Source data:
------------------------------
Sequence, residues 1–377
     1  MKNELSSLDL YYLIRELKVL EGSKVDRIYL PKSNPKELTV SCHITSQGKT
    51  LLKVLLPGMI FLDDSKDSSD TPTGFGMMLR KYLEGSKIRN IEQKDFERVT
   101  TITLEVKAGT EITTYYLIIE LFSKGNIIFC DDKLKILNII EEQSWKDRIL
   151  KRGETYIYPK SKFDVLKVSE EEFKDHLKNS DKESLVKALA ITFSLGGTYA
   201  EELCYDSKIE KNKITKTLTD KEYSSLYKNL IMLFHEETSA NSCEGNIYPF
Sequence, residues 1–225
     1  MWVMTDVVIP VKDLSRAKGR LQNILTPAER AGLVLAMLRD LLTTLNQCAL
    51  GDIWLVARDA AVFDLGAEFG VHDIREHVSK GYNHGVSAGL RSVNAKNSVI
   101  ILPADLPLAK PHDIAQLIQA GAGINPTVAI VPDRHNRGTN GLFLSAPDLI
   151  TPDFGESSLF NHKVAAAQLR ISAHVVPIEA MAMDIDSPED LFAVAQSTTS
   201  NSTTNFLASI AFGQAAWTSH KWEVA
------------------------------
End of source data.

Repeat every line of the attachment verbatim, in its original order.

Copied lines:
Sequence, residues 1–377
     1  MKNELSSLDL YYLIRELKVL EGSKVDRIYL PKSNPKELTV SCHITSQGKT
    51  LLKVLLPGMI FLDDSKDSSD TPTGFGMMLR KYLEGSKIRN IEQKDFERVT
   101  TITLEVKAGT EITTYYLIIE LFSKGNIIFC DDKLKILNII EEQSWKDRIL
   151  KRGETYIYPK SKFDVLKVSE EEFKDHLKNS DKESLVKALA ITFSLGGTYA
   201  EELCYDSKIE KNKITKTLTD KEYSSLYKNL IMLFHEETSA NSCEGNIYPF
Sequence, residues 1–225
     1  MWVMTDVVIP VKDLSRAKGR LQNILTPAER AGLVLAMLRD LLTTLNQCAL
    51  GDIWLVARDA AVFDLGAEFG VHDIREHVSK GYNHGVSAGL RSVNAKNSVI
   101  ILPADLPLAK PHDIAQLIQA GAGINPTVAI VPDRHNRGTN GLFLSAPDLI
   151  TPDFGESSLF NHKVAAAQLR ISAHVVPIEA MAMDIDSPED LFAVAQSTTS
   201  NSTTNFLASI AFGQAAWTSH KWEVA